There’s a reason why Scottish independence is overshadowing Brexit – Lesley Riddoch
Nicola Sturgeon should press ahead with a Citizens’ Assembly as soon as possible, writes Lesley Riddoch
Anyone notice that Brexit news faded away a bit last week? There was one reason. First Minister Nicola Sturgeon’s intention to hold another independence referendum before 2021 attracted a predictable and immediate rebuff from the British government and the usual pelters from Unionist parties.
But her statement made one thing clear – Scotland’s future is finally making news again. And a focus on our future instead of England’s past makes a very welcome change after three long years of irrationality, parliamentary hopelessness and back-stabbing at Westminster.
With any luck, and some boldness from the SNP leadership, Scotland’s future can easily become the shape of the summer.
The cleverest word in the SNP leader’s midweek speech was easily swallowed by her fiercest political and media critics – options. The suggestion that Brexit presents Scots with options is seductively simple. But it contains the acknowledgement that the status quo is only one of many possible futures. It may have habit, vested interests and familiarity behind it. For some, it may also have nostalgia, family links and a political belief system.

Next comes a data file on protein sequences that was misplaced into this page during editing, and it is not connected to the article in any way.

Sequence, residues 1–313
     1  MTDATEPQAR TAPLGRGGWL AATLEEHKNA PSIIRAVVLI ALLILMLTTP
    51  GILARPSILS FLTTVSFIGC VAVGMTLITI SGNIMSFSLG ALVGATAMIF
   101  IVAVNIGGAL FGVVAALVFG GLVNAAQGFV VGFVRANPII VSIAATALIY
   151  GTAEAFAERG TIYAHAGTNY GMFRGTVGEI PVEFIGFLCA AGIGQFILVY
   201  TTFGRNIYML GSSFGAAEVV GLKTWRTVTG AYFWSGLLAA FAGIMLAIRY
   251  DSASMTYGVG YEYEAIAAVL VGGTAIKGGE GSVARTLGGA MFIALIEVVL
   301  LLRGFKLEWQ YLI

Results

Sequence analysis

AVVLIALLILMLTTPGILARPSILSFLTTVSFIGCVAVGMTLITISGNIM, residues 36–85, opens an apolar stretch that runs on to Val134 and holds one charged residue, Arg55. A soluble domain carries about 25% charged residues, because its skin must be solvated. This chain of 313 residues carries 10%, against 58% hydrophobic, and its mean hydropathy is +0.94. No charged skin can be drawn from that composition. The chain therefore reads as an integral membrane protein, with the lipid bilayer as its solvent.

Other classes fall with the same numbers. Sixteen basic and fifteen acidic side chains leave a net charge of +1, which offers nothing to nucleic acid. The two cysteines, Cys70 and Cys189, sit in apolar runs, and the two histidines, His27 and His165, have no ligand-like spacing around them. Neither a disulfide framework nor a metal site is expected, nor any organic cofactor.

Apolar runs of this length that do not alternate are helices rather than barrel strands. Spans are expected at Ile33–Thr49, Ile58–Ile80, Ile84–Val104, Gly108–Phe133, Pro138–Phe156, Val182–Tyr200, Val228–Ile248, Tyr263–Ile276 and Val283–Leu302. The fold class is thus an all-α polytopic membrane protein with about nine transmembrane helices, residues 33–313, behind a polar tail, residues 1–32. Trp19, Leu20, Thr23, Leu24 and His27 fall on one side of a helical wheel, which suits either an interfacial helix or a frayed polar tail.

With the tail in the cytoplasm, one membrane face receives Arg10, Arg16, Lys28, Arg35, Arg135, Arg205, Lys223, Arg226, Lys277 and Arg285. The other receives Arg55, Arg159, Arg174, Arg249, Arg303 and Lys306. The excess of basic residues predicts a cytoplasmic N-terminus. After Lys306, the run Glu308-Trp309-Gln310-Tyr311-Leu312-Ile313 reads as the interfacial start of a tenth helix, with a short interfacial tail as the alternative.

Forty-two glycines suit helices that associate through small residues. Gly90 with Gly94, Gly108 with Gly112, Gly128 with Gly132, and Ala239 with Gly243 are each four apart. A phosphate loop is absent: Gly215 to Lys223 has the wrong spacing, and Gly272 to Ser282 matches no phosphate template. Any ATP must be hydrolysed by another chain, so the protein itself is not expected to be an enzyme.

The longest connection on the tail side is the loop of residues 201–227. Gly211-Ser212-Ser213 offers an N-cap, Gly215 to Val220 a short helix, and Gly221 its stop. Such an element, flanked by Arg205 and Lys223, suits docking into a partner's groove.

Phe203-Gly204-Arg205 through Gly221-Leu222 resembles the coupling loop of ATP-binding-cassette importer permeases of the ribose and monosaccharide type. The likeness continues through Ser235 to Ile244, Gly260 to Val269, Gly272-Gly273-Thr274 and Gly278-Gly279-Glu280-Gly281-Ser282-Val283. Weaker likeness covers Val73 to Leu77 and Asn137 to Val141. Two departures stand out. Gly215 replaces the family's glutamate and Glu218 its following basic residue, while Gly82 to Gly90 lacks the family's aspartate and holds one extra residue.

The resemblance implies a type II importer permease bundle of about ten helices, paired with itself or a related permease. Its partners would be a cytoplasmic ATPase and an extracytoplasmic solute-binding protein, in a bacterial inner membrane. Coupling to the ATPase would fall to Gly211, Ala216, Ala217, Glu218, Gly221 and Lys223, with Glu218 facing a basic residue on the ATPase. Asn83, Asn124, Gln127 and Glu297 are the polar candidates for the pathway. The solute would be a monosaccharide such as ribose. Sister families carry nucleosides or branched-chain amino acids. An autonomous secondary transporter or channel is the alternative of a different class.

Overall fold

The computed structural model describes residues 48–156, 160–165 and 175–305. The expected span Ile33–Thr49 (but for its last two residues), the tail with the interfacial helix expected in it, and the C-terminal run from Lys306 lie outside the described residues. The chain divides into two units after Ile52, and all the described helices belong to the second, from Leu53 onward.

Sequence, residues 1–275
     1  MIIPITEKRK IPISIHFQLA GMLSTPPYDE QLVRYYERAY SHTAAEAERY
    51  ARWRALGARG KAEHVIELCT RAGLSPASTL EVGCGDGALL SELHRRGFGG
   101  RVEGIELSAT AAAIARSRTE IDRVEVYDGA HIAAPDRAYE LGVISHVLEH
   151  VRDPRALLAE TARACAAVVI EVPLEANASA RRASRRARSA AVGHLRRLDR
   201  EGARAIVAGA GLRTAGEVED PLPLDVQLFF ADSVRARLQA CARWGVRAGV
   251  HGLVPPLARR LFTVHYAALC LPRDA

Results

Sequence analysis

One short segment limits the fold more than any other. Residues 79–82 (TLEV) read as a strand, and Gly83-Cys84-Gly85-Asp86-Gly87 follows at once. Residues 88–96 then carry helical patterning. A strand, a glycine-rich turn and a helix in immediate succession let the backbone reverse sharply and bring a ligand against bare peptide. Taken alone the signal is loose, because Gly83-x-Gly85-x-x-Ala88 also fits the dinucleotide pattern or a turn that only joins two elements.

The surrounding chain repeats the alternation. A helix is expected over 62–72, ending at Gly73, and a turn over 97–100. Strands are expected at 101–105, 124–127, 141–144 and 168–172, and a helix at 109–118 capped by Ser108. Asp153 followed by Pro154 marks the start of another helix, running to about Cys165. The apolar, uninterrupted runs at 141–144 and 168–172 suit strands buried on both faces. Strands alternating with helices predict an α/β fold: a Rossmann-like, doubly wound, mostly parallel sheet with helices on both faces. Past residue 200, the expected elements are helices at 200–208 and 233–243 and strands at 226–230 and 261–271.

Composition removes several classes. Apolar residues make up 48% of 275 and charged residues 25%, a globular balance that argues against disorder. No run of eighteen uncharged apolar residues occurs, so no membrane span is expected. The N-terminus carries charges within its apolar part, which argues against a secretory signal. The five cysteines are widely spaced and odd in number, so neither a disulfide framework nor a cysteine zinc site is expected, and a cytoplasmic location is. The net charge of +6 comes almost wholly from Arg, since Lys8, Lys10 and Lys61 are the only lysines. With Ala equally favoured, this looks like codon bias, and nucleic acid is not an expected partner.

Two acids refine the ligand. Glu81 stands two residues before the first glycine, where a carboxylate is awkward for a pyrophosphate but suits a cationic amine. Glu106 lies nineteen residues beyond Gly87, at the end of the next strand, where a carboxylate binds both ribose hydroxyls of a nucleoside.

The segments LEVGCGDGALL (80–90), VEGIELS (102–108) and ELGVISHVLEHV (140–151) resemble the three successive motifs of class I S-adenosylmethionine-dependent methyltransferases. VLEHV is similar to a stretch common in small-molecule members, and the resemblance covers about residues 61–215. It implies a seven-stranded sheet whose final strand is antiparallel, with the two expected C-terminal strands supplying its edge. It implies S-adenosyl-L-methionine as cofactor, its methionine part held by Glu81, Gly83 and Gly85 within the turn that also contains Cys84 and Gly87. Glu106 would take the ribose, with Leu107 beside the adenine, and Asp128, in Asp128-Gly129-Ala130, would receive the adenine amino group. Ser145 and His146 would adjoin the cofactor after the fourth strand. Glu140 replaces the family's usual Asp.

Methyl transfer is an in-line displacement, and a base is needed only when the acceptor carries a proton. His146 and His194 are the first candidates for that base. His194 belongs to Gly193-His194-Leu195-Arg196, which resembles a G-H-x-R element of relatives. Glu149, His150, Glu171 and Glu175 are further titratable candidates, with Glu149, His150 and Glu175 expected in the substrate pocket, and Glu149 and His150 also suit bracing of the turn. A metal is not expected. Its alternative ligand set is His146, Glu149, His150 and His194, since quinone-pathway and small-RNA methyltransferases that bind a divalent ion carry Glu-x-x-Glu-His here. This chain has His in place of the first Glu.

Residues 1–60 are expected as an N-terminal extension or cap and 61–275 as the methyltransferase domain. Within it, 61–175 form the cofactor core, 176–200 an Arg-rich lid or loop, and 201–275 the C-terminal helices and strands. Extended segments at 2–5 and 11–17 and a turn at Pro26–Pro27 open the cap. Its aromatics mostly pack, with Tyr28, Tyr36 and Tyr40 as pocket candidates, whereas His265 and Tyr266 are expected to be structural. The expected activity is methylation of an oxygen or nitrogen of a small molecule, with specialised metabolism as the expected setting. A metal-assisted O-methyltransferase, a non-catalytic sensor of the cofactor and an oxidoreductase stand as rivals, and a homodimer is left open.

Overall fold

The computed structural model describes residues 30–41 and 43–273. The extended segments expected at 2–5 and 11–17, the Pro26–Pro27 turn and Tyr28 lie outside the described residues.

But it is just an option. Others are available. And once you accept that, the future of the Union sits on a gey shoogly nail.
As opinion polls demonstrate, Nicola Sturgeon’s options outlook, chimes with voters. A Panelbase survey has found most Scots favour staying in the UK by 53 per cent to 47 per cent but the proportions precisely reverse if there’s a no-deal Brexit – and in such a scenario 59 per cent believe independence would be better for Scotland. Evidently voters are quite capable of weighing and comparing possible futures. They just need a deadline, more detail, evidence and more control in shaping those options.
That can happen.